People of SU
October 10, 2018
Image credit: Yosef Chaim Kalinko
Governor Jay Inslee has appointed Toshiko Grace Hasegawa as executive director of the Washington State Commission on Asian and Pacific American Affairs (CAPAA). Her appointment is effective later this month.
Hasegawa earned her bachelor’s degree in criminal justice and a bachelor’s degree in Spanish from Seattle University in 2010 and is currently pursuing her master’s degree in criminal justice here.
CAPAA is a state agency with an advisory board of 12 commissioners appointed by the governor. It works in partnership with communities and state leaders to respond to public concerns and bring about positive, long-term solutions to issues that impact Asian Pacific Americans. The Commission focuses on safeguarding civil rights, achieving equity in public education, promoting economic development, and improving health and human services.
Hasegawa currently serves as communications manager for King County’s Office of Law Enforcement Oversight (OLEO), where she manages community engagement and serves as the staff liaison to its community advisory committee. In that role, she engages diverse stakeholders in conversation around social justice issues related to policing. In 2016, she was appointed by Inslee to represent CAPAA upon the Statewide Task Force on Deadly Force in Community Policing.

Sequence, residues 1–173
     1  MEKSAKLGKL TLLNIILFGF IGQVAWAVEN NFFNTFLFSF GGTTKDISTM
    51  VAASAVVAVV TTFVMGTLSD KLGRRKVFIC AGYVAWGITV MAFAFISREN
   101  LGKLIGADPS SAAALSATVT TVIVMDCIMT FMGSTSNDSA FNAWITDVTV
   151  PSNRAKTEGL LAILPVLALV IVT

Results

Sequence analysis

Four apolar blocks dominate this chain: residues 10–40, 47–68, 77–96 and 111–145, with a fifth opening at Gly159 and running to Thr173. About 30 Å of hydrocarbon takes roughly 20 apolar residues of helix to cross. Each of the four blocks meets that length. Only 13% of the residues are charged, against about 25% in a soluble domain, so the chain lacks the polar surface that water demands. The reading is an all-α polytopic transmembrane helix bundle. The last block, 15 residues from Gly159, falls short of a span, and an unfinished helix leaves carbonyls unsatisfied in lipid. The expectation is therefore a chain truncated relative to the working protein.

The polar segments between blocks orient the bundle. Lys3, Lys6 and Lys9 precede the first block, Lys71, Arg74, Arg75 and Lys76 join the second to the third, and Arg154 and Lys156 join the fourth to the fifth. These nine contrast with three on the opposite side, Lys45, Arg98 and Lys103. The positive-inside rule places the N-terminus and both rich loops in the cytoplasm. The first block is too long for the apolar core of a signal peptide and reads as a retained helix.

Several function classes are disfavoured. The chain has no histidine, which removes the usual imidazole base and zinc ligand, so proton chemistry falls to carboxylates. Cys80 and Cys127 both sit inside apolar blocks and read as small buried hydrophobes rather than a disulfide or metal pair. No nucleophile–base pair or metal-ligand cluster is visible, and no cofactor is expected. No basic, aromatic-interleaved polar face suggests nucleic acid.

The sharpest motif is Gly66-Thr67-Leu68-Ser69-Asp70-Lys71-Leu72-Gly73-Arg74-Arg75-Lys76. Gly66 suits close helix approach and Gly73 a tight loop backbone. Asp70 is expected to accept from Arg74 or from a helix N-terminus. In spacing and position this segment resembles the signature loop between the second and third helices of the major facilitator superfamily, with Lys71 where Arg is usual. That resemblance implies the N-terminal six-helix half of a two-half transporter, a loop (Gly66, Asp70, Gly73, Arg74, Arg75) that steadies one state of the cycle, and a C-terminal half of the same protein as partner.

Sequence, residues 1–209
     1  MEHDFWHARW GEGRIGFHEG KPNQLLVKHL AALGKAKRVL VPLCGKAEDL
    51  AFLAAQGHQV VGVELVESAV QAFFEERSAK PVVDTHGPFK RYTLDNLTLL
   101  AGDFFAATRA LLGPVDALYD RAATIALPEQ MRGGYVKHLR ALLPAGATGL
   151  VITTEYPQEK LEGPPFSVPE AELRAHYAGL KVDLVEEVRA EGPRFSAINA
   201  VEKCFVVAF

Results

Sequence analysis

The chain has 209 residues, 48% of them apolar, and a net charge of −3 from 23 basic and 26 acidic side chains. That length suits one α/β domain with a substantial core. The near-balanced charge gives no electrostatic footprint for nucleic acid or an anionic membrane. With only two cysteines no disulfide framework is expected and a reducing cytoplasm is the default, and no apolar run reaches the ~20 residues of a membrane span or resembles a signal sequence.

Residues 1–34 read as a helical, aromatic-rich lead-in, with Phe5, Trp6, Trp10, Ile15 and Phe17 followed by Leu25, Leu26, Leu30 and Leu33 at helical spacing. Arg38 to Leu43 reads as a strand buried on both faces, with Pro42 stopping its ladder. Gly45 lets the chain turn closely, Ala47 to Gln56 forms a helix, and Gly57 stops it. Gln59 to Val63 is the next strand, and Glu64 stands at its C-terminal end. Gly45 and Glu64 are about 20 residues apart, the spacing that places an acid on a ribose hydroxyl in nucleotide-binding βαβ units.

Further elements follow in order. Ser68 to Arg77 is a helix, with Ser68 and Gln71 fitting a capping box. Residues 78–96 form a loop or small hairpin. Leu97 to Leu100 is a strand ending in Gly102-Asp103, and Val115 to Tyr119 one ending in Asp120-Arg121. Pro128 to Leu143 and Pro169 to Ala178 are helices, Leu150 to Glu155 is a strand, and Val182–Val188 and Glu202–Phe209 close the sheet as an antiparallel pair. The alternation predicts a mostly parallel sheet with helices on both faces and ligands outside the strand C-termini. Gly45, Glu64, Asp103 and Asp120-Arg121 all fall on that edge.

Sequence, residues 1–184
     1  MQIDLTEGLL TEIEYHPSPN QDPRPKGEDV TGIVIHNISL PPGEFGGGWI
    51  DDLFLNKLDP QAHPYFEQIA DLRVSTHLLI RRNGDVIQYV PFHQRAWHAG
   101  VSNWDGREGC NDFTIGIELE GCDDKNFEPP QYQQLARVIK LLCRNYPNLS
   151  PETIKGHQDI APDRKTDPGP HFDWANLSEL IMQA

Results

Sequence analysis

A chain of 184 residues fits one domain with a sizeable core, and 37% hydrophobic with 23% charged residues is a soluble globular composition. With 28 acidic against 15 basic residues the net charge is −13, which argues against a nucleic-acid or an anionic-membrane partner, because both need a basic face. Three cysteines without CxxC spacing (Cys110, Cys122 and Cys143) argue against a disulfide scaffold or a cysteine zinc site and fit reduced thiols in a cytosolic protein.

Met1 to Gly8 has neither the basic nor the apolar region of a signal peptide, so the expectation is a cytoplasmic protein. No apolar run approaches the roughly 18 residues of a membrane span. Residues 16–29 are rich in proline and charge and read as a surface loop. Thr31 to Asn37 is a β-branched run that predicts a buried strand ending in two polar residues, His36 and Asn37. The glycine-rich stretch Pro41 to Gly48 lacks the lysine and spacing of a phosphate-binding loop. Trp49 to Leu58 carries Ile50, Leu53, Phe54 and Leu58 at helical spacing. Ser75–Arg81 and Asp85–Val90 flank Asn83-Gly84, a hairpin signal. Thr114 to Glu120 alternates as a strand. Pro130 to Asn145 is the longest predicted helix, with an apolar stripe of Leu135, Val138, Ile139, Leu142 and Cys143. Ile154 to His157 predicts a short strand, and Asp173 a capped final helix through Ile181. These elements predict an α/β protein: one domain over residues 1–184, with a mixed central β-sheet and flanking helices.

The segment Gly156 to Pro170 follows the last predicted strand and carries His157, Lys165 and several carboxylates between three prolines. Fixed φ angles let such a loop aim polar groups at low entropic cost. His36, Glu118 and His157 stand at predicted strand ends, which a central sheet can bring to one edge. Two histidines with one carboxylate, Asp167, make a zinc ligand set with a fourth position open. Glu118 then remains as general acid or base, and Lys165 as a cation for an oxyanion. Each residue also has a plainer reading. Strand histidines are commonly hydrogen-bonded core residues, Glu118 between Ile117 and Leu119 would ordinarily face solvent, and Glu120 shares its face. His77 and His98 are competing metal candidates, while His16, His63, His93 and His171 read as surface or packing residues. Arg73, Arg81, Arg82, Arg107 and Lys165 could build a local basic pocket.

“Toshiko’s work in community and stakeholder engagement, as well as her commitment to immigration and refugee communities, make her a great fit to lead the work of the Commission,” Inslee said. “She has demonstrated her commitment to bringing diverse voices forward and has centered her efforts on equity and social justice.”
Prior to joining OLEO, Hasegawa worked as legislative aide to King County Councilmember Jeanne Kohl-Welles, where she worked in constituent services and on policy issues relating to immigration, human trafficking and the justice system. She also served as fund development manager for the Japanese American Citizens League, where she was responsible for the financial sustainability of 19 nationally-run programs.
“Toshiko has the passion and motivation to help lead CAPAA into its next successful phase,” Ty Tufono-Chaussee, commission chair said. “Her deeply rooted community connections will enable CAPAA to grow stronger and remain an important resource to the API community in Washington state.”
Information for this story, which originally appeared at Arts and Sciences, was made available via a press release from the Governor’s Office.
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